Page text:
Letters to Nature

Nature 416, 841-844 (25 April 2002) | doi:10.1038/416841a; Received 6 September 2001; Accepted 12 January 2002

Low host specificity of herbivorous insects in a tropical forest

Vojtech Novotny1, Yves Basset2, Scott E. Miller3, George D. Weiblen4, Birgitta Bremer5, Lukas Cizek1 & Pavel Drozd6

  1. Institute of Entomology, Czech Academy of Sciences and Biological Faculty, University of South Bohemia, Branisovska 31, 370 05 Ceske Budejovice, Czech Republic
  2. Smithsonian Tropical Research Institute, Apartado 2072, Balboa, Ancon, Panama
  3. Department of Systematic Biology, National Museum of Natural History, Smithsonian Institution, Washington DC 20560-0105, USA
  4. Department of Plant Biology, University of Minnesota, 220 Biological Sciences Center, 1445 Gortner Avenue, St Paul, Minnesota 55108-1095, USA
  5. Bergius Foundation at the Royal Swedish Academy of Sciences, PO Box 50017, SE-104 05 Stockholm, Sweden
  6. University of Ostrava, Department of Biology, 30. dubna 22, 701 03 Ostrava, Czech Republic

Correspondence to: Vojtech Novotny1 Correspondence and requests for materials should be addressed to V.N. (e-mail: Email: novotny@entu.cas.cz).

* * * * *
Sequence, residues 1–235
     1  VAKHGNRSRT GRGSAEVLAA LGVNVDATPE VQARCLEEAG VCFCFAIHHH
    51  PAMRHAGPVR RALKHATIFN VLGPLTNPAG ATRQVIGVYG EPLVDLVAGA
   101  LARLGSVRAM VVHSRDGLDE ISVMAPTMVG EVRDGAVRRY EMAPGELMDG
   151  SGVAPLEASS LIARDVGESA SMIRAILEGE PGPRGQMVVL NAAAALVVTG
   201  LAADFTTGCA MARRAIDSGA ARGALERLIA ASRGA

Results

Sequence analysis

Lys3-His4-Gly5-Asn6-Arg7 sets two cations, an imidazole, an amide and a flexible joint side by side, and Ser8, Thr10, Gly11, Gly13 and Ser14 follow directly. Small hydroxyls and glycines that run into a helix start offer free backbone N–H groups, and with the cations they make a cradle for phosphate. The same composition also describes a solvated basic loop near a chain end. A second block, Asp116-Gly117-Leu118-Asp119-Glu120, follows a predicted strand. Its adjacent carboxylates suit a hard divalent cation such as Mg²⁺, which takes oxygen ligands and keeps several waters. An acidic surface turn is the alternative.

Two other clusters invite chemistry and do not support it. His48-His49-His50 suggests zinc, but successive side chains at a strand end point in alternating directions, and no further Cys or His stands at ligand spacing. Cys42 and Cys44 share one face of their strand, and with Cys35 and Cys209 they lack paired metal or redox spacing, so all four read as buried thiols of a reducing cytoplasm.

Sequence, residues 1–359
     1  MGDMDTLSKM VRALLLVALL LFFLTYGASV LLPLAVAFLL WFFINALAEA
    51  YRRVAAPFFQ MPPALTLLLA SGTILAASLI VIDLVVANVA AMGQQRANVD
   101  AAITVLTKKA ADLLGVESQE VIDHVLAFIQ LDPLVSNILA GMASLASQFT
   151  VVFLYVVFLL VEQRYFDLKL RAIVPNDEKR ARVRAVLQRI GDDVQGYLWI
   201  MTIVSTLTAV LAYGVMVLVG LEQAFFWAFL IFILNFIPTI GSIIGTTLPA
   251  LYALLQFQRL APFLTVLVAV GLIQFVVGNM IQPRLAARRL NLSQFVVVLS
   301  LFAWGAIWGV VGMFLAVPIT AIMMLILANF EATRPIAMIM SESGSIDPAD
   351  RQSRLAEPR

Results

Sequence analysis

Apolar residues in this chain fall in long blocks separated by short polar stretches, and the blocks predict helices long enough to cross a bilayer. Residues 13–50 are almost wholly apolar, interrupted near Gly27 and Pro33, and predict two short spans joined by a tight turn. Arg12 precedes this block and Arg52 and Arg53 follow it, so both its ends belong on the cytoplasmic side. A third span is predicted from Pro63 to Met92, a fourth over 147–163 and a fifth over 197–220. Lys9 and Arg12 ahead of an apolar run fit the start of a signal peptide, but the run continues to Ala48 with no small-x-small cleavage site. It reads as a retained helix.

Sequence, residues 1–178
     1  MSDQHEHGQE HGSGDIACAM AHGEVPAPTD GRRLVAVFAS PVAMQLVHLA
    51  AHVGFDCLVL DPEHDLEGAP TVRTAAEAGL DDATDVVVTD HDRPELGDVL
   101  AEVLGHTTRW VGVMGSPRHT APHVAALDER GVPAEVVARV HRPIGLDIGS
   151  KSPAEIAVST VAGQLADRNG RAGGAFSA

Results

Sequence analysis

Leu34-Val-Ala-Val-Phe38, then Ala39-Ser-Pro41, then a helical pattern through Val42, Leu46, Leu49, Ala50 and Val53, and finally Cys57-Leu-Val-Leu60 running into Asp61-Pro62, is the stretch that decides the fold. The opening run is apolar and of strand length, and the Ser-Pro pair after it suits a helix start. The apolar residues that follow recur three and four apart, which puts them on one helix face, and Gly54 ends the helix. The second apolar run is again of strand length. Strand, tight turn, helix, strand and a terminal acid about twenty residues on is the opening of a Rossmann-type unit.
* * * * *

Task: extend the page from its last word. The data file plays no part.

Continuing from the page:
Two decades of research1, 2, 3, 4 have not established whether tropical insect herbivores are dominated by specialists or generalists. This impedes our understanding of species coexistence in diverse rainforest communities. Host specificity and species richness of tropical insects are also key parameters in mapping global patterns of biodiversity1, 4, 5. Here we analyse data for over 900 herbivorous species feeding on 51 plant species in New Guinea and show that most herbivorous species feed on several closely related plant species. Because species-rich genera are dominant in tropical floras, monophagous herbivores are probably rare in tropical forests. Furthermore, even between phylogenetically distant hosts, herbivore communities typically shared a third of their species. These results do not support the classical view that the coexistence of herbivorous species in the tropics is a consequence of finely divided plant resources; non-equilibrium models of tropical diversity6 should instead be considered. Low host specificity of tropical herbivores reduces global estimates of arthropod diversity from 31 million (ref. 1) to 4–6 million species. This finding agrees with estimates based on taxonomic collections, reconciling an order of magnitude discrepancy between extrapolations of global diversity based on ecological samples of tropical communities with those based on sampling regional faunas7, 8.